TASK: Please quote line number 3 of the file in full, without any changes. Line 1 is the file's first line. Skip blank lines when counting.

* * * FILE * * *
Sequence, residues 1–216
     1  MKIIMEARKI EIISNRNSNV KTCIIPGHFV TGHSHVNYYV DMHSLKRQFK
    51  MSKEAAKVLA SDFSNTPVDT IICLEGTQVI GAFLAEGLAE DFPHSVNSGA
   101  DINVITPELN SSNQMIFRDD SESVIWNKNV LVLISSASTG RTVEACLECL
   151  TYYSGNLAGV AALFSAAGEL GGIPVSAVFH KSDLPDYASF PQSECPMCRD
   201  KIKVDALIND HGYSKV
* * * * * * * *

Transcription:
    51  MSKEAAKVLA SDFSNTPVDT IICLEGTQVI GAFLAEGLAE DFPHSVNSGA